Many people think that in this day and age sending a cover letter is pointless. Some are convinced that their resume already contains all the necessary credentials. Others infer that HR’s are too swamped with applications to read any cover letters at all.
However, even though you never know whether the cover letter you have carefully crafted will end up being read, you should write and send it every time. Why? Because most Hiring Managers will give your application bonus points just for submitting one. After all, the fact that you took the time to write a cover letter demonstrates your motivation, initiative and genuine interest in the position. And if actually read, an effective letter will set you well apart from other candidates.
So don’t forgo a chance to get bumped to the top of the employer’s list and follow these five useful tips to take your cover letter from passable to powerful:
1. Be focused
The cover letter gives you a perfect chance to state your case and present yourself as the best possible candidate for the position. Take advantage of this opportunity to demonstrate your professional value. Tell the HR what makes you better than others. Do you have any accomplishments you’re proud of? What can you do for your potential employer?
And in case you were wondering: yes, that means you write a different cover letter in response to each job posting you apply for. You can either create a general template and add relevant details for every application you send out, or have a long comprehensive version of a cover letter ready, deleting unnecessary facts to suit each vacancy.
2. Don’t repeat the resume
If you do, you’ll waste your own and the HR’s precious time. Your goal is to reinforce the facts and figures you’ve put on your resume, adding some “juice” to mere words and numbers. People love stories, they get invested in the narrative, so do your best to tell a compelling tale that the recruiter will be interested to read. Specify, quantify, and take full advantage of the SOAR method (situation or opportunity, action and results).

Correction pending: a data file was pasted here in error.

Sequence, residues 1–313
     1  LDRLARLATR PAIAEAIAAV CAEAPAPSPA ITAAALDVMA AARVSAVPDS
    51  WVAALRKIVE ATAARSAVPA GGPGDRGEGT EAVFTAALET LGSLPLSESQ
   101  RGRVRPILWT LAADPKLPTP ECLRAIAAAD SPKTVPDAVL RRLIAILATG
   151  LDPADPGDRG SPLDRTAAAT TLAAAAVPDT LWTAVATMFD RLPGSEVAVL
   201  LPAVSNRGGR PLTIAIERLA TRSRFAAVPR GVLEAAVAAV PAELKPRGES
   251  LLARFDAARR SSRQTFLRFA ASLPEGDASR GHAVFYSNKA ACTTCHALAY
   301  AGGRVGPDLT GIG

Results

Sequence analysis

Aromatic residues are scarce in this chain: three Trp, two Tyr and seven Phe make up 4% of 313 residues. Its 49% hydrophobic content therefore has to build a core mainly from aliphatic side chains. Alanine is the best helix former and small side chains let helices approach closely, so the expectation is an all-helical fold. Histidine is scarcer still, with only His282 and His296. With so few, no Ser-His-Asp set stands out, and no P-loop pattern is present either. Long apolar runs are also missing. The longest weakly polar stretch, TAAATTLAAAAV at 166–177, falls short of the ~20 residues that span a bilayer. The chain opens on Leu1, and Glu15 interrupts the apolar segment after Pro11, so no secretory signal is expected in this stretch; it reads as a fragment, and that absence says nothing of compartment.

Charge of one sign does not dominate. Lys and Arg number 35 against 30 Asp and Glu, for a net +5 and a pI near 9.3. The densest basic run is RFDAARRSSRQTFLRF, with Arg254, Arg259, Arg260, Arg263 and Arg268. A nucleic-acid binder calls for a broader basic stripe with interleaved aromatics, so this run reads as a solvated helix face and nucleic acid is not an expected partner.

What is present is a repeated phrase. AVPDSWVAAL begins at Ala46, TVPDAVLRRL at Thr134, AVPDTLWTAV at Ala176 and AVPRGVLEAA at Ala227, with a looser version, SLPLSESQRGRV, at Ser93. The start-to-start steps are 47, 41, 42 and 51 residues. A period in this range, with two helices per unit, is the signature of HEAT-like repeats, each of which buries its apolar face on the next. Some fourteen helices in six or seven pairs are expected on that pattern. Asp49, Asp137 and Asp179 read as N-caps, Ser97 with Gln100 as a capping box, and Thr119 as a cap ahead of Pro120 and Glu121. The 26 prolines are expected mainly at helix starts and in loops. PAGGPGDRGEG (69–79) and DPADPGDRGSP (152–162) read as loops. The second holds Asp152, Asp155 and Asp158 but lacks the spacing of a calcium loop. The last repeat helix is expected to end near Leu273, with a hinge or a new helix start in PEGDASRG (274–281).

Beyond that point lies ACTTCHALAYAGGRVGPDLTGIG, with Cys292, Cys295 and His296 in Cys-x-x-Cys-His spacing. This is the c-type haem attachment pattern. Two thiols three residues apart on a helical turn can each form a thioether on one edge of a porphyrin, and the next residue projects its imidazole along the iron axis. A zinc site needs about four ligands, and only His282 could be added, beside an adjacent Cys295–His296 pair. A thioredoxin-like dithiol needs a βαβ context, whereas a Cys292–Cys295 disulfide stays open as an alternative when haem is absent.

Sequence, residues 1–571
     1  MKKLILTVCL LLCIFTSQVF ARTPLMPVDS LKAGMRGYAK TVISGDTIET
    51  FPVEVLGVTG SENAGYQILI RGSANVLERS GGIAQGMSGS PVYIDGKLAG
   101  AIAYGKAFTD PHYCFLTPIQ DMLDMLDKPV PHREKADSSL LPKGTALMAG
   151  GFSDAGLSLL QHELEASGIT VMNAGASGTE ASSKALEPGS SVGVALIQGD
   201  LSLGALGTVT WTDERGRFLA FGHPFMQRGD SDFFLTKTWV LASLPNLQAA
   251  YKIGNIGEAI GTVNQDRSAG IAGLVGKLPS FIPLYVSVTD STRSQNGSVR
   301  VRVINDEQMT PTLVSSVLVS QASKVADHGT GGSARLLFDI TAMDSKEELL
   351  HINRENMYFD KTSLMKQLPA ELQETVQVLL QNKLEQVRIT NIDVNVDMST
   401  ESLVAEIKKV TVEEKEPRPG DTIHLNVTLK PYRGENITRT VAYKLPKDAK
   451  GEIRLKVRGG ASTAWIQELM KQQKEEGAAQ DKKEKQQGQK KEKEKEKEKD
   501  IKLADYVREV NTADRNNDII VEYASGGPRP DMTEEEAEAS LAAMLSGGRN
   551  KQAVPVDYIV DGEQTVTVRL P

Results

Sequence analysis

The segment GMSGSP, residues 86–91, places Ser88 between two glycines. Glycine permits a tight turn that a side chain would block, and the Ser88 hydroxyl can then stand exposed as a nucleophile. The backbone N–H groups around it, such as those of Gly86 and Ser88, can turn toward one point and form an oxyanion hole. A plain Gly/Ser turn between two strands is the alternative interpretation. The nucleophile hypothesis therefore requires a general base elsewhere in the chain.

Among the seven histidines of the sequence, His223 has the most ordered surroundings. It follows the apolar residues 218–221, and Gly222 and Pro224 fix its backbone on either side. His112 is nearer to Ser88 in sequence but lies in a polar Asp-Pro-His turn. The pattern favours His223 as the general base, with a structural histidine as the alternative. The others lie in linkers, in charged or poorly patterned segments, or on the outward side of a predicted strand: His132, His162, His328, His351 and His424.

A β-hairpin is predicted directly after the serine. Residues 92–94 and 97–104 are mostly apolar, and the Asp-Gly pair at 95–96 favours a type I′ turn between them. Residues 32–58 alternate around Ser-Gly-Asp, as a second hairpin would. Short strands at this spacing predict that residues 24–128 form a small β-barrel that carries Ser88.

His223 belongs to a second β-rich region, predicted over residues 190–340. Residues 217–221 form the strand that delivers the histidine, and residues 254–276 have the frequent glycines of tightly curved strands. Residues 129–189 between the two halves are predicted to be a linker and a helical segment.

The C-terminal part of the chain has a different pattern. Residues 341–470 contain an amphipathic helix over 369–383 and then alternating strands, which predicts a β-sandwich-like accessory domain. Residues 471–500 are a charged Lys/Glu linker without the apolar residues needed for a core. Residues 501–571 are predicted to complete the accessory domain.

3. Be concise
These days people scan even short texts, such as news articles and blog posts, before deciding whether or not they are worth reading in full. I bet even you find yourself doing the same. Remember, no one will bother reading an autobiographical novel that you send in lieu of a targeted cover letter. So keep things short and simple (and I mean no more than one page). And don’t waste valuable real estate by mentioning details that have nothing to do with the value you can bring to the advertised position.
4. No negative talk
Your cover letter is essentially your marketing brochure. You don’t see ads going on and on about product deficiencies, imperfections and malfunctions, right? Adopt a similar strategy and avoid diving into the abyss of self-depreciation. Either omit negative statements altogether, or, if you really need to mention that you don’t know some software or a certain procedure, put a positive, hopeful spin on it.
5. No arrogance
Be careful not to run to another extreme and make sure you don’t come off as someone who thinks they are better than others. Don’t overestimate your knowledge and abilities either – if you’re hired, the truth will soon be revealed. Be confident and open to communication, but never pretentious or snobbish, and you’ll do just fine.
Do you usually send cover letters along with your resumes? Do you target each letter or have a “one size fits all” version? Got any special tips and tricks you use? Share your experiences in our comment section!